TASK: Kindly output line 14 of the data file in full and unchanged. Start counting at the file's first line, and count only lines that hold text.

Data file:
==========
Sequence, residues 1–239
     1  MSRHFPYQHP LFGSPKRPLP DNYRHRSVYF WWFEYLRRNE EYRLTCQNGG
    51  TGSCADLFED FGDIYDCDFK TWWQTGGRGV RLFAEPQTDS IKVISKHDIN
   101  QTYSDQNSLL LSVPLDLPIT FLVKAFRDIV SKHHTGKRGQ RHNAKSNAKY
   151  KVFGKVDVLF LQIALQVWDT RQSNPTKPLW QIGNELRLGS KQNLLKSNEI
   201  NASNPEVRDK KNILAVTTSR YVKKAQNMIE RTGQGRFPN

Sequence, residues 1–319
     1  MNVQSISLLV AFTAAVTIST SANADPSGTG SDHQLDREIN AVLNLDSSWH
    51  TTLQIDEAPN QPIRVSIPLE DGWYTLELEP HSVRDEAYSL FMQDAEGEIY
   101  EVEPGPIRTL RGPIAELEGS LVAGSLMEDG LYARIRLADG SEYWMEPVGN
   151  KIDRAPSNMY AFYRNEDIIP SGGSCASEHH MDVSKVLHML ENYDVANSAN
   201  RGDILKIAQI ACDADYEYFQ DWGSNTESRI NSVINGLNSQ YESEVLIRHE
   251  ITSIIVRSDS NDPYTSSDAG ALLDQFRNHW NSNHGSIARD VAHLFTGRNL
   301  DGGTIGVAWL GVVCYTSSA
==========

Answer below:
   301  DGGTIGVAWL GVVCYTSSA